Three hundred seventy-five. That’s how many windows Parrish Hall has (or at least that’s how many I counted by circling the building several times). Mertz has 214, Palmer has 66, and many other dorms have a three-digit number of windows that would take far too long to count. While their total number is certainly finite, windows on this campus are ubiquitous. Nearly all the windows in residential buildings look the same, with plain white blinds or shades that appear no different from the other windows in the same row and column. Most windows look identical to the next, lacking any kind of decor.
Whether it be curtain lights, decorative drapes, wreaths, a small plant along the window sill, or really anything that adds an artistic element to a window, window decor can come in many forms. It may not just be decorative but also symbolic or meaningful. For example, many religious and cultural traditions seek to display candles in windows, often representing a beacon of light. Flags hanging from windows can also represent many things — pride flags, national flags, sports pennants — for the outside world to view. As students living in residential halls, dorm room windows are the perfect places to display decor for both ourselves and the world around us to see.
I’ve always wanted to have a cool dorm room window. The coolest dorm room window I’ve ever seen, albeit not at Swarthmore, was several years ago while visiting my cousin’s college campus in western Pennsylvania. One of the dorms had a cutout of Home Alone antagonists, Harry and Marv, taped to the window. While my attempt at creating a cool dorm room window may not be as comedic, I certainly consider my solution cool. This past fall, I wanted to start the tradition of candles in my dorm room windows, though not for any particular reasons. I simply wanted my window to be beautiful, especially when I have to pass an array of undecorated windows while trekking back to my dorm late at night. My room is one of the few Mertz singles with two windows: one is the standard Mertz-sized window, the other is awkwardly miniature and square-shaped. Having two windows afforded the perfect opportunity to add twice the decor for the outside world to view.
As a kid, I’ve always admired houses with candles in the windows. On bus rides to school in the dark early mornings, I would count the number of candles and wreaths I would see in the windows to pass the time. (Interestingly, many houses in my neighborhood displayed wreaths and candles for all seasons, not just in the winter.) My family also displays battery-operated candles in our windows, which started as a winter tradition, but we would eventually leave the candles up for months until the batteries died.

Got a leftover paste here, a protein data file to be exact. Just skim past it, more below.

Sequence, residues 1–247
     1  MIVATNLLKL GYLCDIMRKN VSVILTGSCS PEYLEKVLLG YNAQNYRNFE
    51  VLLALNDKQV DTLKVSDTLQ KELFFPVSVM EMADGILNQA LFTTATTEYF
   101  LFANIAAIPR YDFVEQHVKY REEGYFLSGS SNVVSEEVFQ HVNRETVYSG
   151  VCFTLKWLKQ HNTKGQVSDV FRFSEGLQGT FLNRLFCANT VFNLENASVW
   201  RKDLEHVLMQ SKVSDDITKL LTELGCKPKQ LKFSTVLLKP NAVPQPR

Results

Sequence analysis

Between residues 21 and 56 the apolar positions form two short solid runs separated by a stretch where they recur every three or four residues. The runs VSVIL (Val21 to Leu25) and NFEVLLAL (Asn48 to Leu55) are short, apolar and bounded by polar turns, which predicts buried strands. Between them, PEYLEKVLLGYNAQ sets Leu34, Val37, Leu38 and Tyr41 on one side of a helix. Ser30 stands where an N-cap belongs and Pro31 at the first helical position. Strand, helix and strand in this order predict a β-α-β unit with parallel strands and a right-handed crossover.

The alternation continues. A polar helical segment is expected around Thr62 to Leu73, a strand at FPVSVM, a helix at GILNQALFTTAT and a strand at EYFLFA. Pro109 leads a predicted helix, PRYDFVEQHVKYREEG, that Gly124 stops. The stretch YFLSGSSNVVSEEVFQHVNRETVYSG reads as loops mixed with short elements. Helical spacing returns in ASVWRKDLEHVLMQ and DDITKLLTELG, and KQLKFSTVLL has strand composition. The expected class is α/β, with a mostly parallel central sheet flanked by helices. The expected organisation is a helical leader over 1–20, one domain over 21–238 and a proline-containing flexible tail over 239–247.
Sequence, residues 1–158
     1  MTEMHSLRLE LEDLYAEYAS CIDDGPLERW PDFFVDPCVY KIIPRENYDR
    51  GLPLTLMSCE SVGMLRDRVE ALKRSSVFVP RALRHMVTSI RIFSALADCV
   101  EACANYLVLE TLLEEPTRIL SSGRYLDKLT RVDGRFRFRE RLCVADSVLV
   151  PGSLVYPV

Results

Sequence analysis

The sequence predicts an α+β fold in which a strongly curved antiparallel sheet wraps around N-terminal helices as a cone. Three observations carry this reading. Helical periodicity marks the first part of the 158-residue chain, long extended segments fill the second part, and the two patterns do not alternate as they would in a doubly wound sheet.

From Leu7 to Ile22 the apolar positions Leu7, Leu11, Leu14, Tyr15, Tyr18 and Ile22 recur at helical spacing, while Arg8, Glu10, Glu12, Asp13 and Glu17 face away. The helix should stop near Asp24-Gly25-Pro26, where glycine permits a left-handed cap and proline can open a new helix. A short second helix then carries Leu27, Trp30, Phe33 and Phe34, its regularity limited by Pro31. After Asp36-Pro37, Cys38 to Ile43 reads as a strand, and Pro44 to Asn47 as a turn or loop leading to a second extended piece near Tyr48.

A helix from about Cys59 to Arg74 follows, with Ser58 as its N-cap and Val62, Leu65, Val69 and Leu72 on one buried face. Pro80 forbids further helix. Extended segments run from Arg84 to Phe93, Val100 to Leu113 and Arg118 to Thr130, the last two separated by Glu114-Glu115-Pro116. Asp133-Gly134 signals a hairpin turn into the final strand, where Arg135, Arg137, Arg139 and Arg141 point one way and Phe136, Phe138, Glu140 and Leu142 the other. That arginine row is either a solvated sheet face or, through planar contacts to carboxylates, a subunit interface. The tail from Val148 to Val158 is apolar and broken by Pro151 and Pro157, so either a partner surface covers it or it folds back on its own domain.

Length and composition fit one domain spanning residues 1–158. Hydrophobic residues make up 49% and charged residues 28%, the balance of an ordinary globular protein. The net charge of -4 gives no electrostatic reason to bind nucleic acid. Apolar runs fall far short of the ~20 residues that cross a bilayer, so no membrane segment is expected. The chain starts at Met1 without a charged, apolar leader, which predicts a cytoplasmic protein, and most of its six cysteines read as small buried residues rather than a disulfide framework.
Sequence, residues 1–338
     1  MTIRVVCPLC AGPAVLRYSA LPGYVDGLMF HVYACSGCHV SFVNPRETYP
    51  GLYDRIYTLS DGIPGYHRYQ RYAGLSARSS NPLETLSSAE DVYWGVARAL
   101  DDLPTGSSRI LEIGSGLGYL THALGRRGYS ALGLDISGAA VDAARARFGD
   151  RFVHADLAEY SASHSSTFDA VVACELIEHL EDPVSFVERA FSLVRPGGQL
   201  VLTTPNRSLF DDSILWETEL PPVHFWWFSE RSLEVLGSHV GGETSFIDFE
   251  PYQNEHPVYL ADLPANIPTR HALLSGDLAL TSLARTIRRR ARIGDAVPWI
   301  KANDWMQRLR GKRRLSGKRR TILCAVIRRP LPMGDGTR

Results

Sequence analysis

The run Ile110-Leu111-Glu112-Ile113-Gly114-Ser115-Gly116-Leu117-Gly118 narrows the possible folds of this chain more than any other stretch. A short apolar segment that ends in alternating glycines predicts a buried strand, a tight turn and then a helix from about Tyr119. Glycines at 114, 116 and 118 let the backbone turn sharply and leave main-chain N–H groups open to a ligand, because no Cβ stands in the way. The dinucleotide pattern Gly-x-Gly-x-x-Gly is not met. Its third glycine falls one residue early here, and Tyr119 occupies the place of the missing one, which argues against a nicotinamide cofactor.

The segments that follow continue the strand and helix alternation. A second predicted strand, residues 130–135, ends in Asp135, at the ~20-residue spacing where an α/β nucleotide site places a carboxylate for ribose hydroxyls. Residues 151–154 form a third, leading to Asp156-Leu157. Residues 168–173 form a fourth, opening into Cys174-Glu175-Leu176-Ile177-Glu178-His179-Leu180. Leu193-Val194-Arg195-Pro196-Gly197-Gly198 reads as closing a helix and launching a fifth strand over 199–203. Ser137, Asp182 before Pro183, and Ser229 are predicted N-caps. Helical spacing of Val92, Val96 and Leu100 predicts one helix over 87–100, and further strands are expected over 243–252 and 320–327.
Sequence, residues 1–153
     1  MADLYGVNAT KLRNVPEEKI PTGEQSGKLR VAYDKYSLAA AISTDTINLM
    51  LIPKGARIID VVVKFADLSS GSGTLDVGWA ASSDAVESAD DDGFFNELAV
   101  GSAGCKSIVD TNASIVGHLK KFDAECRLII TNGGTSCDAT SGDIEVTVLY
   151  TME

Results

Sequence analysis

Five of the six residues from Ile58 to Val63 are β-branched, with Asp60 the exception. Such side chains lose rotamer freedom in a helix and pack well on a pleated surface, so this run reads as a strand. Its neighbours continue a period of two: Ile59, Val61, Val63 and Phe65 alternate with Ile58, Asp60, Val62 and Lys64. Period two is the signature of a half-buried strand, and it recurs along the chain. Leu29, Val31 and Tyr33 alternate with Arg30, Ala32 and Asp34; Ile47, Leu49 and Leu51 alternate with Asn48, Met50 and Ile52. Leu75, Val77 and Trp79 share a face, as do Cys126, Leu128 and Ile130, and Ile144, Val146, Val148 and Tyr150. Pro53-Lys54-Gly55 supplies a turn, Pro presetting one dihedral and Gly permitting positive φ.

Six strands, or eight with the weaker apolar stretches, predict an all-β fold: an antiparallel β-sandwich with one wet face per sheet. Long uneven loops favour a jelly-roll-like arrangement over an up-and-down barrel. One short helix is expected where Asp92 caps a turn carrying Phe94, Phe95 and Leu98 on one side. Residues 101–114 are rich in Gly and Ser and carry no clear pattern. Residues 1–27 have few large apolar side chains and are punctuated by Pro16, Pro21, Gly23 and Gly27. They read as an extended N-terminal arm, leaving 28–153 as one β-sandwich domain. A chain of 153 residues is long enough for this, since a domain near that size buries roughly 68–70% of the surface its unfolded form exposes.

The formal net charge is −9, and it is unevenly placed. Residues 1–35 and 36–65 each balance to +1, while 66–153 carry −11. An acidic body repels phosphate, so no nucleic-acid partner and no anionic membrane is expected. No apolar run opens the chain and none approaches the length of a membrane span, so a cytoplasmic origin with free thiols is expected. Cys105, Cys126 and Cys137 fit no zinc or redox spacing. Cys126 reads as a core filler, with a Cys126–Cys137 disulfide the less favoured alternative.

At college, I wanted to do the same thing. I thought I could add a bit of brightness to not only my nighttime commute but to those of everyone else who walks past Mertz, perhaps a bit similar to the tradition of symbolizing a beacon of light. While candles and other fire hazards are prohibited in Swarthmore dorm rooms, plastic, battery-operated fake candles are not. So, every night from precisely 5:34 p.m. to 11:34 p.m., the two candles in my windows light up. In November, I even added three sets of copper string lights I purchased at the Swarthmore Campus and Community Store around the windows to add some sparkle in time for the holiday season.
My windows are not the only display of lights or decor around campus. It’s enlightening to see many other dorm windows displaying flags and curtain lights, though there are still few examples amongst all student dorms. While it can be expensive to purchase decorations, monetary value, fortunately, does not have to be a barrier to adding decor to your window. There are a number of campus events to create window decorations at no monetary cost. Last semester, the Scott Arboretum hosted leaf wreath and snow globe-making workshops for students. String was provided to attach to the paper leaf wreaths, which could be used to easily tether to a window frame. The snow globes were just the right size to fit along any window sill.
This past Sunday, SGO hosted a DIY Flower Bouquet event where glass jars and flowers were provided to students for free and were the perfect size to place alongside a window sill. I too currently have my bouquet displayed in my window. Flowers and plants also make great additions to window decor for little to no cost, especially if you still have your plant from the Arboretum from orientation week.
Whether you have a large bay window in Dana or Hallowell that’s great for draping lights, flags, or large plants, or a thin window sill in Alice Paul but the perfect size for a battery-operated candle, or even if you simply use your window sill as a shoe rack, dorm windows are the perfect location to display creativity through decor.
Let your window be beautiful, and let it stand out amongst the many thousands of windows at Swarthmore.